Recently I had the occasion to be a guest at a party where there was a group of young journalists, recent graduates.   There I engaged in an animated discussion with Frida Kahlo (it was a costume party), who maintained that the principal problem of the Cuban press is not censorship, precisely, but self-censorship.

Frida assured me that in the media, where she’d been working for about two years, she didn’t know of any journalist whose work had been returned to them because it was considered un-publishable, that no one was censored, and that the problem was that people did not dare to go too far.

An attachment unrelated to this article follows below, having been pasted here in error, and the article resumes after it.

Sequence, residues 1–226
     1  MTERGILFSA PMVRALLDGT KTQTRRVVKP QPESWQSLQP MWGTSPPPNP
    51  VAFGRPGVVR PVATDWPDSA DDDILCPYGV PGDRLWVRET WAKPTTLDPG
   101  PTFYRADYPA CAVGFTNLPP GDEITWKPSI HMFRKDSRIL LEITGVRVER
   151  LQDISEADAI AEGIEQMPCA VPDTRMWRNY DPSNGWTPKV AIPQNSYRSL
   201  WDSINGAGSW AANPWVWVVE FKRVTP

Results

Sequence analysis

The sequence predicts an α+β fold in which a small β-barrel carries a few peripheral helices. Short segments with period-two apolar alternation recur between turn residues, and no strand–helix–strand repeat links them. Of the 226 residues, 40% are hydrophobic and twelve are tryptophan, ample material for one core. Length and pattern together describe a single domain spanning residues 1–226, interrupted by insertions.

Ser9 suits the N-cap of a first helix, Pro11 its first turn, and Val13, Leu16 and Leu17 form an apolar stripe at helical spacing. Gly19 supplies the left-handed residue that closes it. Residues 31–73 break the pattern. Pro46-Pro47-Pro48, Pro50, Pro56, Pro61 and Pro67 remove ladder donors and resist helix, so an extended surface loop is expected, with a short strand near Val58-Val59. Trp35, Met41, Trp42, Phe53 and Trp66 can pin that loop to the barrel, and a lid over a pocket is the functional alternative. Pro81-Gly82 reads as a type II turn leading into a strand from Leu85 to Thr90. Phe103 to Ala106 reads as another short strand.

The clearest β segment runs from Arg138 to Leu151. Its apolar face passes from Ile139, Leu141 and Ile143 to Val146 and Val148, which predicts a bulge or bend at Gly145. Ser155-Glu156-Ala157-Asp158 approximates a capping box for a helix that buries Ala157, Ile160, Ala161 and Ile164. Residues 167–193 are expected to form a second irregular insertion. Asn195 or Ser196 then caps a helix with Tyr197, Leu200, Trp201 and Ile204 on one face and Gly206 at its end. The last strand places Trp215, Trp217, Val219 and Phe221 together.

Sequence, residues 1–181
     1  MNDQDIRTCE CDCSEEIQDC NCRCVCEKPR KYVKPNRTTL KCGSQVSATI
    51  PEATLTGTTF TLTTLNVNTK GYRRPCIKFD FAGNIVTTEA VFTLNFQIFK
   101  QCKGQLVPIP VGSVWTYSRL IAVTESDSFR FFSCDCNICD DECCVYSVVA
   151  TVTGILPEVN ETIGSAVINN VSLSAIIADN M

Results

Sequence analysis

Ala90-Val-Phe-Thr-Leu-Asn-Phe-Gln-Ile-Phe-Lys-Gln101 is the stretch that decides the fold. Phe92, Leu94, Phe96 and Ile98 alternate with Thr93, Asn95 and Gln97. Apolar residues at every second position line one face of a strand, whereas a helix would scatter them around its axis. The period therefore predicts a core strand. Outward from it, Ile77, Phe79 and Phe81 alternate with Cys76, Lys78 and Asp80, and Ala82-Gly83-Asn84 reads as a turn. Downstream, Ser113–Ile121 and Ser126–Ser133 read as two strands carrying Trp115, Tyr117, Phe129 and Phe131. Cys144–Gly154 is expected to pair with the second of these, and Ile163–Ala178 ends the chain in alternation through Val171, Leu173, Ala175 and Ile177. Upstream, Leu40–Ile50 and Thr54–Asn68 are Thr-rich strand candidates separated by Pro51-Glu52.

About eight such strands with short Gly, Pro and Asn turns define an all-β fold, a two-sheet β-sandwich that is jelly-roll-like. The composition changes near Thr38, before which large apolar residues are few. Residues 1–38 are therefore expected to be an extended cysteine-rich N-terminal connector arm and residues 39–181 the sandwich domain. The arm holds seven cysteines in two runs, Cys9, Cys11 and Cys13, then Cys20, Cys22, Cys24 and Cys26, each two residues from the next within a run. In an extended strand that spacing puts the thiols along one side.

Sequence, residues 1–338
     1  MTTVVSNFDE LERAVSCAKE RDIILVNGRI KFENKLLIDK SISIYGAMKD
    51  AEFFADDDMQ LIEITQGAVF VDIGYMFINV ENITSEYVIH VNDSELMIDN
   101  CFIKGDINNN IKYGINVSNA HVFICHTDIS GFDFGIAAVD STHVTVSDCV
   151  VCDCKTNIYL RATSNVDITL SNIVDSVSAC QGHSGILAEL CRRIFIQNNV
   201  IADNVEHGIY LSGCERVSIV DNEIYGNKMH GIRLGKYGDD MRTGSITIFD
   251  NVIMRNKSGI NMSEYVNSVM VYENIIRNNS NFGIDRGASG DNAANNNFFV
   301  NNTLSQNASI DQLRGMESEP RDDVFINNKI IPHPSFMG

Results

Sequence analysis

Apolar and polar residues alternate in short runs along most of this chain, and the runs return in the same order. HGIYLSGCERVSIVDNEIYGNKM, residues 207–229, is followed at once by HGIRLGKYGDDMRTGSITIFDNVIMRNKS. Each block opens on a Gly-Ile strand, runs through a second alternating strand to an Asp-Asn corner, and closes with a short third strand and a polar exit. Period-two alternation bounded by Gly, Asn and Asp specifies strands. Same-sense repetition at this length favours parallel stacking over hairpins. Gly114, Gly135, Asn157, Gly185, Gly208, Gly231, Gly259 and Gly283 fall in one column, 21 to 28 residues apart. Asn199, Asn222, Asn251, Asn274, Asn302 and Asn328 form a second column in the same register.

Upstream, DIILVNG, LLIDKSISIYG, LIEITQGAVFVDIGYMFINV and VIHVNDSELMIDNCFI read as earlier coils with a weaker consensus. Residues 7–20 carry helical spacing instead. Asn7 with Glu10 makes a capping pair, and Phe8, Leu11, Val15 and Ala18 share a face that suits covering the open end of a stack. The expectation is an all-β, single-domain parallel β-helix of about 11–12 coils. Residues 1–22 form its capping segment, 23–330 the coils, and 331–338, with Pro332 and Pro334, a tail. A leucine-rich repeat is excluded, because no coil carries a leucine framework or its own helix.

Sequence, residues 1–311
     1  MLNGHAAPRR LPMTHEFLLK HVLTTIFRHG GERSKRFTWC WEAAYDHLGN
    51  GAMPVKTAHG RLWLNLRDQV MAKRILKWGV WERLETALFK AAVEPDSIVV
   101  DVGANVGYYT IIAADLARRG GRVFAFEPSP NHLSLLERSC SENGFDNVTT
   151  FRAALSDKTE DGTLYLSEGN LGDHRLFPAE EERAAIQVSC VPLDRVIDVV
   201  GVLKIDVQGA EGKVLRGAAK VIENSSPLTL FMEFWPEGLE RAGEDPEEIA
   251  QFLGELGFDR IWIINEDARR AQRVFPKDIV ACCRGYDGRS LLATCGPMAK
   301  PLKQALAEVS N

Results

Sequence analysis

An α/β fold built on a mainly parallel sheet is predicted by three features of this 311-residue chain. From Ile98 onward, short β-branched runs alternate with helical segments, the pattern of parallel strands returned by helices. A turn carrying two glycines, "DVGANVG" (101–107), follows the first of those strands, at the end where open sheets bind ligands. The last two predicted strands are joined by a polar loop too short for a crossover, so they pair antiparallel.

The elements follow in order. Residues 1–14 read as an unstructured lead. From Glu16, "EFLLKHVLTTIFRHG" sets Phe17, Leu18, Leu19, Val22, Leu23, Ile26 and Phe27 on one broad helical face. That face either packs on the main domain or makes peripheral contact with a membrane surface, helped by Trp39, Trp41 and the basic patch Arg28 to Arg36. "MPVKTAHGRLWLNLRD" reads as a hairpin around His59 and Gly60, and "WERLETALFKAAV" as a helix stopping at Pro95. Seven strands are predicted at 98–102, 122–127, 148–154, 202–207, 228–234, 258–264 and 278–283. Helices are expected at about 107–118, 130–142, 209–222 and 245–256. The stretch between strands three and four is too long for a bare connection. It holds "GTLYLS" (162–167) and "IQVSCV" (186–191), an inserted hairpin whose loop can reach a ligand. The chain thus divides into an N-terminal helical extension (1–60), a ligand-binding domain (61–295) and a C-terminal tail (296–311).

As for me, I was wearing on my head the remnants of a vine that was meant to disguise me as the ceiba tree in Fraternity Park, and was tempted to relate my personal story to convince her that self-censorship is nothing more than a conditioned reflex caused by the ongoing exercise of censorship (remember Pavlov’s dogs?).  But, not wanting to err on the side of vanity, I confined myself to this question:

“Then the solution would be to have the journalists who are experiencing this inexplicable pathology undergo therapy?”

Frida preferred not to respond to my question and went over to say hello to Trotsky who had just arrived, accompanied by John Lennon.